MARSHALL: Trackin' on Amtrak: Seeing purple


With our fast-paced society today, with jet-speed airlines able to transport people cross-country in a matter of a few hours, why would folks even consider that age-old mode of transportation — the train.

With our fast-paced society today, with jet-speed airlines able to transport people cross-country in a matter of a few hours, why would folks even consider that age-old mode of transportation — the train.

In this case, the Southwest Chief, which moves along the Burlington Northern Santa Fe Railway in Garden City twice a day.

The No. 3 train heads west, with the origin in Chicago, while the eastbound No. 4 begins in L.A. and ends in the Windy City.

All told, it takes about 40 or so hours, depending on whether the train is on time, to get from the Midwest to the West Coast.

With that in mind, I hopped on Amtrak early the morning after Christmas with my 89-year-old mother to travel all the way to Needles, Calif., get picked up by my older brother and sister-in-law for the short 15-mile drive to Laughlin, Nev., for a brief five-day respite in between all the high school and college basketball that occupies a sports writer's winter schedule.

What does Amtrak and my vacation have to do with sports? Well, actually, not a single thing.

But what prompted this observation was the fact that I thought I was on the Wildcat Express when we loaded ourselves on the Chief in the wee hours of Dec. 26.

Why the Wildcat Express?

There was somewhere between 30 to 40 folks, of all ages, who were dressed in some form of purple shirts, caps, hooded sweatshirts and Polo shirts with various sizes of the Powercat logo.

There were families of four or five, with young kids, middle school and high school. There were couples with no children. There were retirees.

And it was even more curious since Amtrak, i.e. the Southwest Chief, doesn't go to Phoenix, the site of this year's Kansas State vs. Michigan Buffalo Wild Wings Bowl on Saturday. Nope, the choo-choo train runs through Flagstaff, Ariz., in the north central part of the state, roughly 153 miles from Tempe, and according to most map searches it takes about two and a half hours of driving to get there.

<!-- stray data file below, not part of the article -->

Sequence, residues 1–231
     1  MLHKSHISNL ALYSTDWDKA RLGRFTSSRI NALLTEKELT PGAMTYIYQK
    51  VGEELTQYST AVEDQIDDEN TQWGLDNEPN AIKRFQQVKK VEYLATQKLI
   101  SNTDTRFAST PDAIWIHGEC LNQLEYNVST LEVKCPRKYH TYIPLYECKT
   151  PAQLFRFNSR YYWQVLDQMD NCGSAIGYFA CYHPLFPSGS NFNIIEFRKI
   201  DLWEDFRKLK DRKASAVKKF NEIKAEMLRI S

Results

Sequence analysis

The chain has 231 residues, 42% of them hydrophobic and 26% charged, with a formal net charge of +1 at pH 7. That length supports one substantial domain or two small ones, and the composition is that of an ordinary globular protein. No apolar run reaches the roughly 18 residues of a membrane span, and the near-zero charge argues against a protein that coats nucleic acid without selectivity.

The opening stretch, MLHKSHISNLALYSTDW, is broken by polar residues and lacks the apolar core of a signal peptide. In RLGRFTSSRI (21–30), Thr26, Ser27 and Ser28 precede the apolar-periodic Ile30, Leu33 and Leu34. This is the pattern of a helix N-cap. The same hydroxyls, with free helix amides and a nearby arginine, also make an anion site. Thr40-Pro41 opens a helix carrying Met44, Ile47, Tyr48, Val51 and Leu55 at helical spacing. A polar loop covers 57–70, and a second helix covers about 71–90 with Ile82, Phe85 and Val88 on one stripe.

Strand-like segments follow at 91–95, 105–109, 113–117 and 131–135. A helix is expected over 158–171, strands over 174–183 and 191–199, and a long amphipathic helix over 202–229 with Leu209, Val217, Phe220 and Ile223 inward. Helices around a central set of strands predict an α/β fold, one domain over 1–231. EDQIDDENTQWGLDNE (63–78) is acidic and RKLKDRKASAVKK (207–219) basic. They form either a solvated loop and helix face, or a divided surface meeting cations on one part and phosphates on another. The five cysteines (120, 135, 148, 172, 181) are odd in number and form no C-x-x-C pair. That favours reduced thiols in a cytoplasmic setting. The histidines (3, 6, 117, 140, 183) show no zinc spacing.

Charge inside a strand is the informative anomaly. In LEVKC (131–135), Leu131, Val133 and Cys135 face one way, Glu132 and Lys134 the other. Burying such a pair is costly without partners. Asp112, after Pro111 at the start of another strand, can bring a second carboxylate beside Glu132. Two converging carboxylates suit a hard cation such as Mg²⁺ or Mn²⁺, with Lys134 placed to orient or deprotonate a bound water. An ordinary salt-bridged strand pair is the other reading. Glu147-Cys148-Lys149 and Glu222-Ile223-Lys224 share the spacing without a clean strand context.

Some of the Kansas State faithful said they were staying in Flagstaff and then either driving back and forth with a rental car, or taking a bus down and returning the same way.

Yep, the 'Cats' supporters came fully outfitted to take on the Maize and Blue of Michigan, the winningest program in college football history.

I met a couple from Wellington, a family of five from Topeka (on the return trip on Dec. 31), a husband-wife set of school teachers from St. George (near Manhattan), and parts in between.

They were optimistic about their team's chances against the mighty Michigan team. And well they should have been.

There were the usual friendly barbs about the rivalry between Kansas State and Kansas.

And wouldn't you know, the Wildcats were on their game against Michigan, dominating in all phases for a convincing 31-14 victory with a throng of just more than 53,000 watching at the 71,000-plus capacity Sun Devil Stadium Frank Kush Field.

By winning six of its last seven games, Kansas State powered its way to an 8-5 season record. Oh, for those days to return. Wouldn't it be something to see KU vs. K-State for the Big 12 championship at the end of the regular season? It would be a lot of fun.

The KSU fans on the Chief during our return were obviously happy. As they should be.

Maybe on my next trip on Amtrak, the fans will be wearing Crimson and Blue.

Sports Editor Brett Marshall can be emailed at

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